A Fairytale for Grown-ups

I’m so excited this week I don’t know where to start.  But it feels like there’s a buzz in the air – is this just me?

Earlier this week I read a post, again by The Man of the Minivan, which detailed a funny – but much more cynical view – of kids’ stories than the one I’m about to tell.  How a child’s book, read through an adult’s eyes, suddenly becomes a story about…politics?

Personally, I love the way that kids’ stories are able to whittle down the complex issues to their barest, human bones.

And that is exactly what this modern fairy tale does.  Just don’t expect a fluffy ride – it’s called Brave for a reason, right? :)

It is the perfect answer to my quandary last week, when I stumbled upon a Grimm tale about fear and bravery.  I’ll try not to include too many spoilers.

Merida is the gorgeous, spirited Princess from the Scottish ruling clan of four.  Presented with a bow and arrow for her birthday as a child, she grows into a fiery teen who breaks all rules of Princessly decorum.  What’s a girl to do when she’s the apple of her father’s burly eye?

The clincher comes when Merida learns of her planned betrothal to the winner of the Highland Games, where the three eldest sons of the other clans compete to win her hand.

From here, the story unfolds as a battle of wills between mother and daughter, duty and independence, tradition and progress.  And it’s one selfish little tantrum that she throws!

It might be hard to believe that a Princess of that time would be quite so rebellious.  But we are talking fiction, here, and the joy is living vicariously through characters much braver and more selfish than we could hope to be.  (Plus, one only has to take a look at the husbands-to-be to take that ride!)

Merida’s rebellion takes a dark turn involving a will-o’-the-wisp, a wicked witch and a (quite literal) return to the wild.  The only way through is the hardest of all – to mend that familial rift.

There’s lots of little fun things along the way – like her impish triplet brothers whom she bribes to do her will.  The warm, loving and otherwise clueless men of the clan who are too busy fighting and drinking to know what’s going on.  The buxom maid.  The rest – you’ll have to watch to see.

I love this movie.  It is PG rated, but it’s not for the faint hearted.  So beware of your grown-up sensitivities and if you’re scared of your child’s emancipation, maybe stick with Cinderalla :)

If not, you could learn a thing or two.

Bravery is a balance.  While it can call for might, it sometimes also requires a more humble kind of resoluteness.  It is the hardest thing in the world to do, because it means negotiation and a compromise.

The happily ever after is suspended for a much more grown-up take on hope.  And what I really dig is that neither Merida nor her mother come out of this unchanged.

In the end, they learn from each other.  The child teaches her mother the value of breaking tradition, and the daughter learns the value of the legends that have gone before.  The solution – surprise, surprise – benefits the entire kingdom somewhere along the lines of ‘make love, not war’.

In a world of uncertainty, where tradition seems somehow to fail us, it gives us hope.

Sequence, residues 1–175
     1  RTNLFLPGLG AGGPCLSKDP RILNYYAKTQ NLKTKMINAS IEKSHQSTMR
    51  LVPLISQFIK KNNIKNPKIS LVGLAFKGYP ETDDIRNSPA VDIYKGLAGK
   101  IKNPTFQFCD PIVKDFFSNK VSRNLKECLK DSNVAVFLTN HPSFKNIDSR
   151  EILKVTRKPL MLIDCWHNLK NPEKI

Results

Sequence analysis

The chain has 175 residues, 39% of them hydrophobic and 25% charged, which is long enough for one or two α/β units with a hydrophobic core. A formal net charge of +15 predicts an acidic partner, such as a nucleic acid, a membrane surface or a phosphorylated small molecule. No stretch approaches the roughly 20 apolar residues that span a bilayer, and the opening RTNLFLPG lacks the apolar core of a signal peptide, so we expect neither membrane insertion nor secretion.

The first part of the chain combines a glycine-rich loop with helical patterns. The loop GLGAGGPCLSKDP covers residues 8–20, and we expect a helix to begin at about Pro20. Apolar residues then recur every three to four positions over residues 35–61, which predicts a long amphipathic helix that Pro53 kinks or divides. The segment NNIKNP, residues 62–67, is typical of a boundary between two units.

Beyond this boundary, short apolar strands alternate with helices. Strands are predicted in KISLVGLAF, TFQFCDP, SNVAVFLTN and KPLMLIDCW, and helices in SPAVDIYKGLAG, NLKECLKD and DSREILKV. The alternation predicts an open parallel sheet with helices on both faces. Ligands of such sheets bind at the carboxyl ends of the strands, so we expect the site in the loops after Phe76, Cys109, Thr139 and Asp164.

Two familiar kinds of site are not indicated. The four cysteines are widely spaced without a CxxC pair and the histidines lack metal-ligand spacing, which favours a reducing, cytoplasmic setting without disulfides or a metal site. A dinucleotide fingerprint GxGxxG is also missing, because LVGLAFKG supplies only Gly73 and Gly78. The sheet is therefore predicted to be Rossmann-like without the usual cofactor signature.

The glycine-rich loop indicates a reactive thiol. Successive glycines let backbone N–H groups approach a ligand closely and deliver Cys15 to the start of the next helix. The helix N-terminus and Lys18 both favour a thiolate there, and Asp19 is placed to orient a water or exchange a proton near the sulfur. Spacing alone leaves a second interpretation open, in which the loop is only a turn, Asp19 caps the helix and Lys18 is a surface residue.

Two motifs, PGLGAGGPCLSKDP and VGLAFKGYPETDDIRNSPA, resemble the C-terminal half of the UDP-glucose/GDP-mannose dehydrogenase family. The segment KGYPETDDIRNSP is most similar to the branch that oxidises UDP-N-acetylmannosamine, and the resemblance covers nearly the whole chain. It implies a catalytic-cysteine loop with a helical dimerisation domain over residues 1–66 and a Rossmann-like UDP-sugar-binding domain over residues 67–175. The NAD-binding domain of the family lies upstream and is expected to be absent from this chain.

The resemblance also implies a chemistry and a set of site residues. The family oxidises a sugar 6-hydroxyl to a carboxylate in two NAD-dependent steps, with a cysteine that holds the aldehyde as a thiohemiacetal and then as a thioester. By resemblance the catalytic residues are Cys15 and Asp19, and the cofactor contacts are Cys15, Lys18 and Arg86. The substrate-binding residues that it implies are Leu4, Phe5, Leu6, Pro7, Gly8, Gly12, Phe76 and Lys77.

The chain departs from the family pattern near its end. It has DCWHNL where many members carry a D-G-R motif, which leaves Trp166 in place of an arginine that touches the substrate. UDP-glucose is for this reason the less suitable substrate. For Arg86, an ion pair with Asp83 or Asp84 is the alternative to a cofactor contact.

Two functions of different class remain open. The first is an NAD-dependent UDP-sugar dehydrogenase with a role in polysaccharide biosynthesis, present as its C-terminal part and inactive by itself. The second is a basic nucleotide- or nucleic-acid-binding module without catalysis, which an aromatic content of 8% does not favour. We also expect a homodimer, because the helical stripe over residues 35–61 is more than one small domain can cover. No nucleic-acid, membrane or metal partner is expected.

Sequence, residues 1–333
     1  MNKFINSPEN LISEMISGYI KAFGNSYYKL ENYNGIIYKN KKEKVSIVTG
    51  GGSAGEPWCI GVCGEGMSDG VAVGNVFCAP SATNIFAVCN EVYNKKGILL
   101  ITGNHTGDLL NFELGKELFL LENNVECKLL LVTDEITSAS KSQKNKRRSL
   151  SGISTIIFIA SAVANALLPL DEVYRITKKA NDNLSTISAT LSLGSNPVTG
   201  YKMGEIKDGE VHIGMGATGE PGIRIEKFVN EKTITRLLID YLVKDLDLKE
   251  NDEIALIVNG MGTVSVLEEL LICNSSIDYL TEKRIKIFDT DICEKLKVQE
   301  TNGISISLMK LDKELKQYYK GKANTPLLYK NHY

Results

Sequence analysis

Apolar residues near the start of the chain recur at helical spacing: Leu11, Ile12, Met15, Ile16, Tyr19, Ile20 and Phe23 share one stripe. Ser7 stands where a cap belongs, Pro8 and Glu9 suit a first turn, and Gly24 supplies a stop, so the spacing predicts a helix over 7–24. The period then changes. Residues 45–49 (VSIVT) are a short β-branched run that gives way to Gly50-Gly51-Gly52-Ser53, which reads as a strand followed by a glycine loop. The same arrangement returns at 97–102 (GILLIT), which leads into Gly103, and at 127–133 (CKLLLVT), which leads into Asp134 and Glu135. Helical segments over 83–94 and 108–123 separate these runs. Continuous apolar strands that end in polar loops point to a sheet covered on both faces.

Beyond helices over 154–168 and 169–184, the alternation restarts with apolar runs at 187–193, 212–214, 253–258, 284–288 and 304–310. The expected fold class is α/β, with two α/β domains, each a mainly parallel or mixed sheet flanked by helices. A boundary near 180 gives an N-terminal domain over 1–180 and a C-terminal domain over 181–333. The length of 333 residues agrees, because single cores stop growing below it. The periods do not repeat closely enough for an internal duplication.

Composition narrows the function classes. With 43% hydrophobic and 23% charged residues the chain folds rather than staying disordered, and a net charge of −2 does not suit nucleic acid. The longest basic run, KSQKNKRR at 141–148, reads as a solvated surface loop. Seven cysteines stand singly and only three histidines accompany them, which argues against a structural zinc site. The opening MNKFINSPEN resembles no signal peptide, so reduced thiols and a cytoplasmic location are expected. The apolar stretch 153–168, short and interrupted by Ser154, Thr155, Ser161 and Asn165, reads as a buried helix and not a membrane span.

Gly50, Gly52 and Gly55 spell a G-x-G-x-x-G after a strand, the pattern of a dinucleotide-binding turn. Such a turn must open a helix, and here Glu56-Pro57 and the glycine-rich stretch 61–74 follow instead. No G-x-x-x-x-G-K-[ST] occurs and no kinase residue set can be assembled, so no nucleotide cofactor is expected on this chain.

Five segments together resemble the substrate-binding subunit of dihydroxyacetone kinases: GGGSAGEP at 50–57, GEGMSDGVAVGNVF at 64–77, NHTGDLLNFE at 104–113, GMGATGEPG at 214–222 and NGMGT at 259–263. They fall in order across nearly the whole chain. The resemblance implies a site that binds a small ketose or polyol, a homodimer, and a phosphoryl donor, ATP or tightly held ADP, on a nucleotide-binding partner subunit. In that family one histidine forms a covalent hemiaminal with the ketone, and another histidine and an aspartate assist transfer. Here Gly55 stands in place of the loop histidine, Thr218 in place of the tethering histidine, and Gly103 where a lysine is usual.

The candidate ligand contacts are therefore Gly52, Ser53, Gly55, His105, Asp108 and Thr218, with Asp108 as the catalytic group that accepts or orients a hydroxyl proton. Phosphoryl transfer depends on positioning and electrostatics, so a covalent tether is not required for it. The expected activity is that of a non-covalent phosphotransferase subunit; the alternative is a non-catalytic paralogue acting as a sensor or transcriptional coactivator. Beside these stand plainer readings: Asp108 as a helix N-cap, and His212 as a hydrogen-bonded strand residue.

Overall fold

As Merida says:

“Legends teach us things.  But we are young.  Our stories haven’t yet been told…”

There are lots of political lessons to be taken away from this, too, if you want to go there.  For example, the fact that the lead character is a red head caught in a political crossfire (anyone seen our PM lately?) is not lost on me.  But that’s a whole other sad story.

They might be the rarest of them all, but I think it’s fair to say, in this instance, the reds have it.

Have you seen the movie?  What are your thoughts?  Is it just another kids’ story, or are there worthy lessons to be learned?

Comments

  1. says

    I’m really not that cynical… ;) Only a little bit.. sometimes… haha! Great post and review! I’ll have to get to the movies one of these days :)

    • says

      Oh, there’s nothing wrong with a little cynicism – I couldn’t get by without it! Really enjoy your posts and hope you get to see the movie – or a movie – soon. It’s good for the soul :)

  2. lynnkelleyauthor says

    I read that post by The Man of the Minivan! It’s very funny and, whoa, who woulda thunk The Little Engine Who Could would break down into a political statement? No comment re my political views, and I haven’t seen Australia’s PM, so I don’t know what she’s dealing with, but I do want to see Brave! It looks like a great movie.

    • says

      Such a great question! I tend to be of the view that kids can handle a lot more than we think they can. But it depends on the kind of 5 year old. If she’s an avid movie lover, brave (!) and has a high comprehension of story, it would be ok. Otherwise, in addition to some really funny scenes, there are some pretty scary and intense ones, not to mention heavy themes, so I would say it is probably ideally suited to 7 and up. :)

  3. WordsFallFromMyEyes says

    I love movies these days (I haven’t seen this one) which seem to aim at kids, but say so much more. My son is above age for this, but yet maybe not. Great review.

    • says

      Thank you! I agree with you, and I think these kinds of movies are great for dialogue ’cause there’s something there for everyone. Anyway, in the end, we’re probably all big kids at heart :)

  4. says

    Hi Alarna; This is a great movie with wonderful! It is my 19-year old daughter’s favourite movie. As her mother, I felt there were interesting lessons in it for both of us!! Kim.

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